Exchanges with clients: We cannot always choose our clients. If possible, aim for a diverse representation among client stakeholders and diverse decision-makers around the table at alignment workshops, kick-off, and recurring moments of contact. Be vocal about being interested in hearing voices other than COO.
Recruitment: Recruit diverse participants for stakeholder interviews, CIs, user interviews, validation testing (think in terms of gender, ethnicity, age, tenure, ability, socioeconomic status). There is no user experience without a body – if we want to imagine diverse kind of experiences, we must consider diverse kinds of bodies.
Developing personas: Design to the person with the most needs first, and others will benefit. When doing a persona workshop, remind the client of their potential assumptions and/or blind spots, and encourage them to transgress these. Be gender- and race- neutral in texts and imagery you use; for example, use drawings that do not reveal too much demographic information. Don’t use demographics to back up your claims; at the same time, do not whitewash your personas – leave them their worries, their restraints, things that weigh them down, needs that might differ from other users.
Journey maps / service blueprints / workflows / user scenarios: Don’t forget what can go wrong – a user’s journey is rarely a linear path to success. Talk about unhappy paths, glitches, drawbacks and obstacles, which are often culture- and socioeconomics-driven.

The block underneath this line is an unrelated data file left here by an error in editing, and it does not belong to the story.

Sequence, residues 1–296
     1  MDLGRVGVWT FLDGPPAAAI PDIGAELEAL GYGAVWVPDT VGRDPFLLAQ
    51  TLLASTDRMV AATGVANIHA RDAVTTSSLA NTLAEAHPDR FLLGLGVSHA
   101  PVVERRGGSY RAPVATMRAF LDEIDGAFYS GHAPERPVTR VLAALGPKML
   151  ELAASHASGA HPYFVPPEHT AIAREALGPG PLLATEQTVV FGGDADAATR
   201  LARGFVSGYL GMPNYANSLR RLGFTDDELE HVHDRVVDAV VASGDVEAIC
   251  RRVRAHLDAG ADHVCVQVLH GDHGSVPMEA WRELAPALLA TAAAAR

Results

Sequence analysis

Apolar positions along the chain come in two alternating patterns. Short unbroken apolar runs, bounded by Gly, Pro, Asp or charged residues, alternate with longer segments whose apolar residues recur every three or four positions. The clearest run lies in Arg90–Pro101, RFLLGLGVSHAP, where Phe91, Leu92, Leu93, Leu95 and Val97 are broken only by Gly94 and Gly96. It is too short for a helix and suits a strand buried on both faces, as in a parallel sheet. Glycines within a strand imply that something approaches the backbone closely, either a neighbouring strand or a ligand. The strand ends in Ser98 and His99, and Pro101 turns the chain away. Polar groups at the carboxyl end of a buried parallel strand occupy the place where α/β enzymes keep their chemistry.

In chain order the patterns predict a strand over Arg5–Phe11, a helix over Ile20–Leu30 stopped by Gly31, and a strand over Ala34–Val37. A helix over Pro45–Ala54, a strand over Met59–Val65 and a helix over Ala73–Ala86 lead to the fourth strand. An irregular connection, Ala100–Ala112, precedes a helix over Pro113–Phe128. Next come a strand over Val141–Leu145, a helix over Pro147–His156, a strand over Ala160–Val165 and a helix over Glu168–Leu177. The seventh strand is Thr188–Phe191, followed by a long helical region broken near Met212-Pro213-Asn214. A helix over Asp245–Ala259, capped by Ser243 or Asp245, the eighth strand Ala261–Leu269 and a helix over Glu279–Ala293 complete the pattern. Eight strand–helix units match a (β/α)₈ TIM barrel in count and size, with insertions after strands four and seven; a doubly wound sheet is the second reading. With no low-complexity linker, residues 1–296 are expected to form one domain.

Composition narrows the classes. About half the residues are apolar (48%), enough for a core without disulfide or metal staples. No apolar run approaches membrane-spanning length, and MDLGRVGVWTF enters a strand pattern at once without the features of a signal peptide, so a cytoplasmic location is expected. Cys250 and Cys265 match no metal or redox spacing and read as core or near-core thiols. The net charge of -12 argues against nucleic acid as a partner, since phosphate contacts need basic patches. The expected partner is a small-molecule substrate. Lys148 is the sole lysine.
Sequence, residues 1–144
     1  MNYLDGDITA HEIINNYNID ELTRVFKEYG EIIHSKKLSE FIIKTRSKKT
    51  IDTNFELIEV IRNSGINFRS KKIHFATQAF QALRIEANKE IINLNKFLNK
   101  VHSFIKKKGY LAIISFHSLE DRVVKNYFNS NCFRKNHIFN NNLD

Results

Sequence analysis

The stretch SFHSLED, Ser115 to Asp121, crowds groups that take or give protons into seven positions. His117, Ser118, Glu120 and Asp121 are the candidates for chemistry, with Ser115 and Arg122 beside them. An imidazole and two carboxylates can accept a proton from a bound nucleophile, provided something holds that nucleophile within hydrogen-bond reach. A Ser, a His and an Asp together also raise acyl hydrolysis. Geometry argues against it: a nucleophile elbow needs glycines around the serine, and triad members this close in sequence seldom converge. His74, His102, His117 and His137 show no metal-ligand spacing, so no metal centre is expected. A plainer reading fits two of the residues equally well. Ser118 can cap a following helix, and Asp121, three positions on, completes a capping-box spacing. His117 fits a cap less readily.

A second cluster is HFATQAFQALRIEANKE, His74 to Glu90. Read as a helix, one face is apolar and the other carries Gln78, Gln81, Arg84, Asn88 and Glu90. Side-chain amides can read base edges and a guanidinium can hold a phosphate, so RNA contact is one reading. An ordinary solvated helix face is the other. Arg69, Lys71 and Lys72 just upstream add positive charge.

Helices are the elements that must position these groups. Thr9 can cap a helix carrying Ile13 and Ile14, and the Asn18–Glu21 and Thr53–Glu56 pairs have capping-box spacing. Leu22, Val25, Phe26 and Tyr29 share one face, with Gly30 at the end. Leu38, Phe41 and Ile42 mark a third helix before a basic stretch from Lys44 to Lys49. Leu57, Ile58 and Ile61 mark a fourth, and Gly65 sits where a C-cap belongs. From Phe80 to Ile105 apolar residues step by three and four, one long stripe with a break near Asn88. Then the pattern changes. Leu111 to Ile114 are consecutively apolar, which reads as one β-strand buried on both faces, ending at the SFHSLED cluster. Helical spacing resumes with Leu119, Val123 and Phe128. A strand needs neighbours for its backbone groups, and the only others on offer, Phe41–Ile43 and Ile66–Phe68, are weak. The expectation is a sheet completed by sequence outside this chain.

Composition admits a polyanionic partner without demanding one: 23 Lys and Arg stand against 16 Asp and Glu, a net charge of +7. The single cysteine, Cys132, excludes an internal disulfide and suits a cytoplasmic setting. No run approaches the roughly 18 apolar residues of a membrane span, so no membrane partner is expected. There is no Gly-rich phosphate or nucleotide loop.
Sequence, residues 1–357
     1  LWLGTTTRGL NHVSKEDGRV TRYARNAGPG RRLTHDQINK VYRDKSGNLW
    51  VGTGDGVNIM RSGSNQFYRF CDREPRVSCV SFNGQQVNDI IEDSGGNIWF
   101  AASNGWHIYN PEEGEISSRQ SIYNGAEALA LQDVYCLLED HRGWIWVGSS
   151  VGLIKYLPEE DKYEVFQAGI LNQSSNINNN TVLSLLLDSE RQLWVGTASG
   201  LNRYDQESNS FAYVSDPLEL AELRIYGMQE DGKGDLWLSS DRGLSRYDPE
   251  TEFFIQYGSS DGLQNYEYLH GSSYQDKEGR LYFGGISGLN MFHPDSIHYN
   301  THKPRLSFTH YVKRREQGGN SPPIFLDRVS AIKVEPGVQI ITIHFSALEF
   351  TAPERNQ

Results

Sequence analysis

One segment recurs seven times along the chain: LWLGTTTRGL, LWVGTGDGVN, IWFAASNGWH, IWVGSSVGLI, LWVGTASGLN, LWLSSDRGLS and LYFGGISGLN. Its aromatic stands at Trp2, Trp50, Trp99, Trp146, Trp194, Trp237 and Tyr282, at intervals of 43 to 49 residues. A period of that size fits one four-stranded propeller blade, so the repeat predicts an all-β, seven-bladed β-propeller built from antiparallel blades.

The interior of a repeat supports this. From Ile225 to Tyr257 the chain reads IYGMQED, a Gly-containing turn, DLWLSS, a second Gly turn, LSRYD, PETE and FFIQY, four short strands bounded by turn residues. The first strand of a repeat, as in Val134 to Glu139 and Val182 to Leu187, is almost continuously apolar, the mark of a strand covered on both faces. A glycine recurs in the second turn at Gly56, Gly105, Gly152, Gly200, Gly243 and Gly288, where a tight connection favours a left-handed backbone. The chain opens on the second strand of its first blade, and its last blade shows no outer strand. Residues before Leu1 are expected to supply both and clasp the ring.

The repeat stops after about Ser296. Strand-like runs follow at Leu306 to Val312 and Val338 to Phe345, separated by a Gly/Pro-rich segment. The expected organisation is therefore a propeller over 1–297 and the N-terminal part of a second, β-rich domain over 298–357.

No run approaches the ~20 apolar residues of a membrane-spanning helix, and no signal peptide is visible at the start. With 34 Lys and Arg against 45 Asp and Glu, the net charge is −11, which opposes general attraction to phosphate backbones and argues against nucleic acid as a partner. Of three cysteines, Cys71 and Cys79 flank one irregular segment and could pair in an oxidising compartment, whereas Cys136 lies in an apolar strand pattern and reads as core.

UX/UI Design: Create affordances by actively identifying possible points of exclusion (e.g., color-blindness or deafness), offering solutions (closed captioning, transcription features). Make sure texts and commands are comprehensive and easy to follow, and provide access to support. Avoid technical jargon.
Validation testing hardware: Test on low-end devices, Android, and bandwidth. Remember, not all the users have access to high-end appliances; consider situational challenges (low-resolution screens, noisy environments). Does the experience still work when translated into different context?
Deliverables: Aim for a diverse and inclusive user representation in visual imagery. Check photographs of your own team or client team you include in your deck for the same. Identify common places where it is easy to fall into traditional gender roles: look at the photographs capturing one character explaining something to another, one character leading other characters, or two characters in conversation (who is leaning in?).
Connections and collaborations: Go out of your way to be exposed to designers and researchers that promote diversity. How about attending conferences, meetups and networking events like Change Catalyst, AfroTech, UnidosUS, Lesbians Who Tech, or Code2040 Summit? Are your in-house shadowing and outreach programs concerned with equal opportunities and disempowered communities?
Finally: Remember that it’s not just about checking boxes off this list. It’s about knowing your users, understanding what their challenges and accessibility are, and adjusting your research and design accordingly.